Sadly, disability art is not inherently healing justice, as the spaces it takes up do not centre care or healing, but commodification. I have at times made bad art that speaks to non-disabled feminists before because it meant getting heard from at all; the ache for intimate artistic engagement is real and fuels the work of survival of artists working from the margins.

Thursday, March 24th, 2016. It’s late. I just left Lynx, horizontal on one of black pleather couches in the lobby of OCAD (Ontario College of Art and Design), spoons(1.) low and on the phone with their Vancouver sweetie.

1. Spoon Theory

The word disability has a lot of whiteness to contend with. It comes from institutions, which have an inherited colonial history: the medical industrial complex and the academic industrial complex.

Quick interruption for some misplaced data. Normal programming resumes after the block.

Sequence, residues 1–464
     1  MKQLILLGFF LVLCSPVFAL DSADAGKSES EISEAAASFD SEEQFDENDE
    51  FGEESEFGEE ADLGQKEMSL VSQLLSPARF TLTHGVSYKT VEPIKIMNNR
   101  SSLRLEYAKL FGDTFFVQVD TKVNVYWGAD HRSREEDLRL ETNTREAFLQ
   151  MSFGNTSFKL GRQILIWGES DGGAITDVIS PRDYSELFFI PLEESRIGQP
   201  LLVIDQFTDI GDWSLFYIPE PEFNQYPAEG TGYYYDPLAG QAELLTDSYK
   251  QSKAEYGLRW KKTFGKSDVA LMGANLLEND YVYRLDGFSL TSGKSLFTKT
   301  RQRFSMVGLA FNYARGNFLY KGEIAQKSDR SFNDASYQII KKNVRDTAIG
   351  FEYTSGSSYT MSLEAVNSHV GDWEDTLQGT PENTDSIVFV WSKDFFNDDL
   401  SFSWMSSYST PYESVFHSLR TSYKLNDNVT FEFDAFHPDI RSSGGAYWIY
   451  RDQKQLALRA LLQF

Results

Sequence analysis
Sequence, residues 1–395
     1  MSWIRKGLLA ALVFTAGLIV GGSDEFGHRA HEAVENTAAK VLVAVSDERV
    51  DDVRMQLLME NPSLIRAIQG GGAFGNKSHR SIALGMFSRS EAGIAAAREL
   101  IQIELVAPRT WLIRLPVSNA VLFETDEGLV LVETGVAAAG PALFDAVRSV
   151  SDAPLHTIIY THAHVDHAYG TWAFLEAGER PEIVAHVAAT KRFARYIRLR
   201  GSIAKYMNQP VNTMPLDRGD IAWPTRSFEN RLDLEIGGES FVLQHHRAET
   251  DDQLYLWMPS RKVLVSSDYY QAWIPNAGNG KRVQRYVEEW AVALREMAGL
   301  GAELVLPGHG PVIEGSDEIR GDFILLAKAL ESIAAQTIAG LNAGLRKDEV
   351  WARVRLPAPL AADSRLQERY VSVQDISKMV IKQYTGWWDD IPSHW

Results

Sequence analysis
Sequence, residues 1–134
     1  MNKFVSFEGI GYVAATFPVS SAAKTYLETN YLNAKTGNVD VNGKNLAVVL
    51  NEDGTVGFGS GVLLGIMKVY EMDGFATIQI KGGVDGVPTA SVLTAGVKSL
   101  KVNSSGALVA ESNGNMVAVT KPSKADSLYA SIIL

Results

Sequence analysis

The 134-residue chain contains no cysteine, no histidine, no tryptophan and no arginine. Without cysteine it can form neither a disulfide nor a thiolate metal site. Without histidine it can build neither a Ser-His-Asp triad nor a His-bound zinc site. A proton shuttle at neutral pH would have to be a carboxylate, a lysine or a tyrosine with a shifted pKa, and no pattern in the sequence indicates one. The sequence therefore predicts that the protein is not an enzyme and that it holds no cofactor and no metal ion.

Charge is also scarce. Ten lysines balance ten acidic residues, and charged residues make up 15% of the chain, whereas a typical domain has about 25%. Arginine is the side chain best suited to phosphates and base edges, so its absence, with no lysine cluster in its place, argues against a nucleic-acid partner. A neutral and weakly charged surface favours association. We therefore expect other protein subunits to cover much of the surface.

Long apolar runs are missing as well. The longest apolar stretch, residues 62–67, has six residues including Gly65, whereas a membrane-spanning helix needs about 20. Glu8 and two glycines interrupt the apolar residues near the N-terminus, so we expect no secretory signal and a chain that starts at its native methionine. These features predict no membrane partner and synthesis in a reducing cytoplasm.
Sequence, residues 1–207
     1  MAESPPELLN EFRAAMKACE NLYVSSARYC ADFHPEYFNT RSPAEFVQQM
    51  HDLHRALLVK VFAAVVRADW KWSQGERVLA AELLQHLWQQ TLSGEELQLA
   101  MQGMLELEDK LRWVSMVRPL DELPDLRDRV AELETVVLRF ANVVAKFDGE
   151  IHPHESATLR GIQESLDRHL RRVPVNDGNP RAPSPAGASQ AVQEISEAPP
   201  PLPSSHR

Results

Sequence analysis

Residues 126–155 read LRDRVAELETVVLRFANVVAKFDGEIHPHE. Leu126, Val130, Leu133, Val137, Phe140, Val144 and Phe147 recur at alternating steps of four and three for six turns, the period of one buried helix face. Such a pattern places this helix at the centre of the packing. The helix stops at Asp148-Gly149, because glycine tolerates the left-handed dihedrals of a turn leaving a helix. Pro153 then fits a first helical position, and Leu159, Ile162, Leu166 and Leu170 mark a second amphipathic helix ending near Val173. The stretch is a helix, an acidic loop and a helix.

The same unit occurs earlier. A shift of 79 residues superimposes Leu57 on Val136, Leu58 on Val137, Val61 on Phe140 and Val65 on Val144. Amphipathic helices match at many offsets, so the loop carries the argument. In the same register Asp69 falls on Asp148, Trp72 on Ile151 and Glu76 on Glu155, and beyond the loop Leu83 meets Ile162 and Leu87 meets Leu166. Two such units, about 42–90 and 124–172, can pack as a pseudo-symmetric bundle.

I receive a lot of speaking engagements from academic institutions. The academy did not create disability art, but it did brand it. With the brand comes the decree of legitimacy. (I was once asked to give a presentation at a conference at Yale. It didn’t matter that no one paid me; it was Yale! Yaaaaale. Although when trying to board the campus shuttle, right on cue, I was asked if I was looking for the hospital shuttle).

I think I really did believe that a growing interest in disability art meant a growing care for disabled people. But that is a harsh untruth of being a marginalized artist contending with institutionalized power. With the apparent success of my own growing brand, I feel a growing emptiness. Hunger pangs that the McD’s value menu never seems to fill, despite repeated attempts at slinging toonies at the problem.